The grey-list exemption should be retained
As was the case with the introduction of the new CFC regime in 2009, the Bill proposes to remove the grey-list exemption for non-portfolio FIF interests (although non-portfolio FIFs in Australia will remain exempt). The submissions opposed this on the grounds that:
There is little scope for investors to use the grey-list exemption for non-portfolio FIFs to avoid or defer tax, yet removing the exemption will cause a significant increase in compliance costs;
The retention of the grey list helps define the focus of the FIF rules as a regime that is concerned with tackling avoidance and the deferral of income from low or nil tax jurisdictions;
Very little additional New Zealand tax will be collected as a result of removing the grey-list exemption, as a credit is likely to be granted in New Zealand for tax paid in the grey list country; and
Because an Australian exemption is to be introduced, the same logic should apply to other countries that New Zealand has previously regarded as having a similar taxation system.
The FEC was not convinced by these arguments. It noted that the grey-list was removed for portfolio FIF interests in 2007, CFC interests in 2009, and that the reasons for removing it for non-portfolio FIF interests in the Bill are the same.
The FEC responded to these suggestions by noting:
The grey-list is arbitrary and distortionary, and creates a preference to invest in traditional, high tax jurisdictions;
The assumption of comparable taxation in the grey-list countries cannot be relied upon for passive income;
The technical differences in other grey-list countries' treatment of entities would allow for income to flow through grey-list entities without being taxed (the examples given for this were Australian unit trusts and United States limited liability companies); and
The introduction of an Australian non-portfolio FIF exemption is justified on the grounds that many smaller businesses first invest in Australia when investing offshore, and the close relationship between the two countries' revenue authorities means that any differences can be readily identified and monitored (which is not the case for the other grey-list countries).
The use of GAAP in applying the active business test
Under the CFC rules, as well as the rules proposed in the Bill, the active business test can be applied on an accounting basis, or on a more complex tax basis. However, a taxpayer may only elect to use the accounting basis where the investment entity's accounts comply with international accounting standards (IAS).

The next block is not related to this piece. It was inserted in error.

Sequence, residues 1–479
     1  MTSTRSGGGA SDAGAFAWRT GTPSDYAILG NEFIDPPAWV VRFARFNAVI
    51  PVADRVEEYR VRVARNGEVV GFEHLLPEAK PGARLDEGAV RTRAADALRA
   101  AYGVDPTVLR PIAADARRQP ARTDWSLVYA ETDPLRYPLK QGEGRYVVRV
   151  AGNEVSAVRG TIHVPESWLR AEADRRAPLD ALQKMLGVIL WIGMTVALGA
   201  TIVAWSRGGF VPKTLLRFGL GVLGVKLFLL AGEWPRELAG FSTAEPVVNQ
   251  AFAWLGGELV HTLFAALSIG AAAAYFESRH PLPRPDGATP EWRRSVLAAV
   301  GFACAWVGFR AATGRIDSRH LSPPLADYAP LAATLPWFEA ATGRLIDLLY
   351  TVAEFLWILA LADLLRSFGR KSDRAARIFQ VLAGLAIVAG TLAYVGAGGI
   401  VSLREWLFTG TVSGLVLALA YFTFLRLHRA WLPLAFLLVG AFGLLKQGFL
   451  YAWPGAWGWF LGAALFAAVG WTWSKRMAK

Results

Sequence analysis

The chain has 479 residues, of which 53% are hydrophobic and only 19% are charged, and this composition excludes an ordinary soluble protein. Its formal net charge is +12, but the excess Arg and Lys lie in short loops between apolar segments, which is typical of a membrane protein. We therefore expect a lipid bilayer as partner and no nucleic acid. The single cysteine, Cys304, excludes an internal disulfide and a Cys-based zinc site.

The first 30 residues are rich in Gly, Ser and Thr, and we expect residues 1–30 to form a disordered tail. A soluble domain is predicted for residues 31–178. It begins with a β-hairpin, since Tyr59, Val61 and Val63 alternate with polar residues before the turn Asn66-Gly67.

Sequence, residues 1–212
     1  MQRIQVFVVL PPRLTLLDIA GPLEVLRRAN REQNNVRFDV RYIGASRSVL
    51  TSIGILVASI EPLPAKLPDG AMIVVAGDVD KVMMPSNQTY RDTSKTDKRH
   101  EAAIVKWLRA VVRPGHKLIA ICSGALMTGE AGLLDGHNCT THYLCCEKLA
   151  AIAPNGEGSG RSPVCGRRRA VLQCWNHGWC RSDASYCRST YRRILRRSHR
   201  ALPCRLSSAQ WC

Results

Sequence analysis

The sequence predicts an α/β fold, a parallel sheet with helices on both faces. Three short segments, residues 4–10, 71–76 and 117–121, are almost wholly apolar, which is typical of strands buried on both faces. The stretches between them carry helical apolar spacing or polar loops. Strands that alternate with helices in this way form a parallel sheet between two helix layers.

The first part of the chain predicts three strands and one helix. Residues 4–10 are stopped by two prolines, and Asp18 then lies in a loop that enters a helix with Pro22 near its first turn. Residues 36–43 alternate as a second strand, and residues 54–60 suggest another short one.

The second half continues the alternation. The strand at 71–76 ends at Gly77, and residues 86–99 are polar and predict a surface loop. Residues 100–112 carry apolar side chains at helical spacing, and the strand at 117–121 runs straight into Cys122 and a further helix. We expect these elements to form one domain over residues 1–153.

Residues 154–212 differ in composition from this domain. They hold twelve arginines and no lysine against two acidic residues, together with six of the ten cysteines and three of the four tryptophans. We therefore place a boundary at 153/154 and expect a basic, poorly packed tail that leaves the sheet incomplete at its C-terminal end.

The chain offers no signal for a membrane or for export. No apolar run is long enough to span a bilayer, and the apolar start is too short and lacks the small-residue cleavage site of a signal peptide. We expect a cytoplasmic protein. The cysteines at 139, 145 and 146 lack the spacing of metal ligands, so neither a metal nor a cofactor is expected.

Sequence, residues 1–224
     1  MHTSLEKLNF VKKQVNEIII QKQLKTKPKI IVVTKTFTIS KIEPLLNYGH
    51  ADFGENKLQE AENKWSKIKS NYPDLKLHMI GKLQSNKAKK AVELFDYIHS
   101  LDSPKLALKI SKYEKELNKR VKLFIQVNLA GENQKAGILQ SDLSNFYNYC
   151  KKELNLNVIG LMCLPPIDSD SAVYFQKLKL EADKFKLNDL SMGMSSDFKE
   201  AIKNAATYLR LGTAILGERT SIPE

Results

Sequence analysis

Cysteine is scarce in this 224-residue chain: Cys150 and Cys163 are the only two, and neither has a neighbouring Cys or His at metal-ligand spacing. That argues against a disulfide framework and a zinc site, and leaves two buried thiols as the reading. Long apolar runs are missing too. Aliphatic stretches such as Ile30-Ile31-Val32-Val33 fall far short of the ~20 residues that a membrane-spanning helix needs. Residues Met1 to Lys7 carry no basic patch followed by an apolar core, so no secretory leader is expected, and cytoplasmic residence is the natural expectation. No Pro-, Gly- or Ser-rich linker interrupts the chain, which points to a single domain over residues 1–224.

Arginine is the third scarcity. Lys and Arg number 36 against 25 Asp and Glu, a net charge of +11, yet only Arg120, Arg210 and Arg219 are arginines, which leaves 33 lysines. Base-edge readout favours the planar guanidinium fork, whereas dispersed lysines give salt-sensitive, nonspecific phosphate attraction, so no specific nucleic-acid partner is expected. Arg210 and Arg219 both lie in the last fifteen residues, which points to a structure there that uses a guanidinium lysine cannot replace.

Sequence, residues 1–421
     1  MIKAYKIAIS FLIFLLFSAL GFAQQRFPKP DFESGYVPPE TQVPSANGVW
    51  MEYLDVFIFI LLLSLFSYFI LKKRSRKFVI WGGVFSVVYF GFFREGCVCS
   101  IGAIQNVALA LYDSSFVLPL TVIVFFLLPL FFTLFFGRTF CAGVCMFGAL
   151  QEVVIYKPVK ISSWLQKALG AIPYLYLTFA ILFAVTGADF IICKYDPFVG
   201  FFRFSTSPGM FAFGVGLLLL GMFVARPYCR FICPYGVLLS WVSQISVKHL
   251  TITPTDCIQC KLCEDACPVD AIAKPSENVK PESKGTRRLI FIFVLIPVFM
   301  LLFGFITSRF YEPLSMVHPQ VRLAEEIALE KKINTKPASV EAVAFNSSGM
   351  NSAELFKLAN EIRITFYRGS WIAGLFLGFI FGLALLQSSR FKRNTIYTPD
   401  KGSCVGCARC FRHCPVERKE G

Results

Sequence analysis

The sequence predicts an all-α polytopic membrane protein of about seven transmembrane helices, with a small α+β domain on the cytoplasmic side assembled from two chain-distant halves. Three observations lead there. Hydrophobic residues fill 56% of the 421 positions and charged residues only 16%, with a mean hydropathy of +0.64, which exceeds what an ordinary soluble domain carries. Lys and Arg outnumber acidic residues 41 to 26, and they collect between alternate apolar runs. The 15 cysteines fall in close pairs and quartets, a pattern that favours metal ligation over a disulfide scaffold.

It was submitted to the FEC that taxpayers should be able to apply the active business test based on the FIF's local accounting standards, or local generally accepted accounting principles (GAAP), rather than IAS. This submission was supported by the suggestion that many jurisdictions, most notably the United States, do not use IAS. Further, where IAS accounts are not available, the active income exemption must be applied under the complex tax method, which is likely to drive many taxpayers away from the AFI method to the FDR method. Because FIF interest-holders do not have the same level of control as CFC interest-holders, and accordingly will be unavailable to obtain the level of information required to determine the IAS accounts, it was argued that the Bill should be amended to allow this concession.
This submission was accepted in part by the FEC. It agreed that the most compelling case concerns the United States, as it would be impractical for a non-controlling shareholder to insist that a United States company prepare IAS accounts for New Zealand tax purposes. Therefore, it was recommended that taxpayers should be able to apply the active business test based on accounts prepared in accordance with United States GAAP.
However, the FEC did not consider that there was a strong case for allowing the use of GAAP in countries other than the United States, as most other countries have adopted IAS or have standards that are close to IAS. The FEC's conclusion in this regard was in direct contrast to the submission that many countries do not in fact use IAS. It was also noted that there are risks from allowing local GAAP from other countries, as some GAAP standards may not correctly identify passive income, meaning that significant amounts of income could escape tax.
The CFC and FIF rules should be structured in a more coherent manner
Submissions were made that the CFC and FIF rules should be structured in a more comprehensible manner. There were two suggestions for how this may be achieved:
For the CFC and FIF rules to be rewritten and restructured into portfolio and non-portfolio sections; and/or